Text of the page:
The Guinness World Records has confirmed that Curtis Means, born 19 weeks early, is the world's most premature baby to survive. He was born weighing less than a pound with his twin sister C'Asya, who sadly died the following day.
Michelle Butler, his mother, went into labour on 4 July 2020 as the fireworks of Independence Day filled the night sky. The hospital said that it typically offers parents the opportunity to hold their tiny babies for what little time they are expected to have together.
However, baby Curtis clung on to life. Due to him being so underdeveloped, he had to be on a ventilator for the first three months of his life, but after 275 days in hospital, he was able to be taken home. Therapists have had to help him learn how to breathe and use his mouth to eat.
Mrs Butler, of rural Eutaw, Alabama, said in a statement: "Being able to finally take Curtis home and surprise my older children with their younger brother is a moment I will always remember".
Curtis, now 16 months old, still needs supplemental oxygen and a feeding tube, but otherwise he is in good health.
Dr Brian Sims, the University of Alabama at Birmingham neonatologist who oversaw the delivery, told Guinness World Records: "I've been doing this almost 20 years, but I've never seen a baby this young be as strong as he was. There was something special about Curtis."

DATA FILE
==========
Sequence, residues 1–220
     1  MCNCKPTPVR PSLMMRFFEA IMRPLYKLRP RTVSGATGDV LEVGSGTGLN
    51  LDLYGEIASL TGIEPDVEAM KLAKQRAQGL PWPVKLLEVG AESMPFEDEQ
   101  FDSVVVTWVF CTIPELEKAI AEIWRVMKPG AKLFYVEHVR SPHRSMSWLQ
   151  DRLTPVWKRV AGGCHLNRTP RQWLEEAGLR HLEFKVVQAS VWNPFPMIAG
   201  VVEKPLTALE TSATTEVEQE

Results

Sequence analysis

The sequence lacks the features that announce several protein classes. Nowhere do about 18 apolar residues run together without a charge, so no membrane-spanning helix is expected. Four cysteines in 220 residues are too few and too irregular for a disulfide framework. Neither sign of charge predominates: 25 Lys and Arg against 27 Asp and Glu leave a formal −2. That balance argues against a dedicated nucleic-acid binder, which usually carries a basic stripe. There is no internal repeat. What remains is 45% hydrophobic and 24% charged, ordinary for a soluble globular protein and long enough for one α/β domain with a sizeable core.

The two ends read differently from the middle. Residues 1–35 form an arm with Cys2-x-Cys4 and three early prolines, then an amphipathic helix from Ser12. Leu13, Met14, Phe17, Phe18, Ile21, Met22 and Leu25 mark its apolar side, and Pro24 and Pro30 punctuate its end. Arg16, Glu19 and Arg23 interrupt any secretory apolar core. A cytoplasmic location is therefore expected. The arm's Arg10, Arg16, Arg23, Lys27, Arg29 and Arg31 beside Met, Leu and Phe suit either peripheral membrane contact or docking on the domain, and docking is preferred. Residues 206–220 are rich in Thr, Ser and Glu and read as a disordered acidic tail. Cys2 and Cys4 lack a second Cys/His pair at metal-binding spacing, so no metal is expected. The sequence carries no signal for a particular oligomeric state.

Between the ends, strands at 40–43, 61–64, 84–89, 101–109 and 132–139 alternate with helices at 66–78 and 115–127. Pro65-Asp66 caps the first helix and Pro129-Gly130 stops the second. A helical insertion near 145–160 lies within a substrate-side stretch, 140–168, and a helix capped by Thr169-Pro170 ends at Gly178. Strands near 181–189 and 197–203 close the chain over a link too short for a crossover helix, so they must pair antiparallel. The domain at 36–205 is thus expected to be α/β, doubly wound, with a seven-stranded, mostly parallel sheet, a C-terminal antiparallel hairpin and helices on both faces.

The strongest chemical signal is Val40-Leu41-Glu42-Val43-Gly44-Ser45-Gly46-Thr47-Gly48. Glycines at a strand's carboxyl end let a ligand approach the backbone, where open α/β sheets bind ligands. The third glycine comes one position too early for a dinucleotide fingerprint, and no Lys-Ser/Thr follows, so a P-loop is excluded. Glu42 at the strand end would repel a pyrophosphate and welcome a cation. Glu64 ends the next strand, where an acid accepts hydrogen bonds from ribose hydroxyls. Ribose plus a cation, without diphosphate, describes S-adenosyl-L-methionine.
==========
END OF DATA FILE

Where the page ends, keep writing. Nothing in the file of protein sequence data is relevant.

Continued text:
Curtis cut 24 hours off the previous record, which was held by Wisconsin baby Richard Hutchinson, who was born a month beforehand at 21 weeks and two days.
Born before the abortion limit
In an occurrence that is becoming more frequent, Curtis was born almost three weeks before the abortion limit in the UK. In October last year, another severely premature baby was born in Scotland almost two weeks below the abortion limit. Sofia Viktoria Birina weighed only 500g, but by February this year, she was healthy enough to be sent home with her parents.
Baby Curtis and baby Sofia are not alone in being born so prematurely and going on to survive. A study published in the Journal of the American Medical Association in October 2019 followed 2.56 million babies born in Sweden between 1973 and 1997, around six per cent of whom were born prematurely.
Researchers compared the health data of the premature babies to those that had been born at full term. They found that 55 per cent of premature babies had no serious chronic, physical, or mental health issues by early adulthood. This is compared to 63 per cent for babies born at full term.
Additionally, with each passing decade, the odds of survival for a premature baby to adulthood have improved from about 91 per cent of babies born in the 1970s to about 96% of those born in the 1990s.
Right To Life UK spokesperson, Catherine Robinson, said: "These wonderful stories of premature babies going on to survive are becoming almost common-place. How long will it take our lawmakers to re-examine our cruel abortion laws that permit abortion even after the point at which babies are able to survive outside of the womb?
"Of course, babies who cannot survive outside the womb have the same dignity and worth as the babies that can, and their lives should not be ended either. But the fact that more and more premature babies are going on to survive undercuts one of the main reasons given for our current abortion law."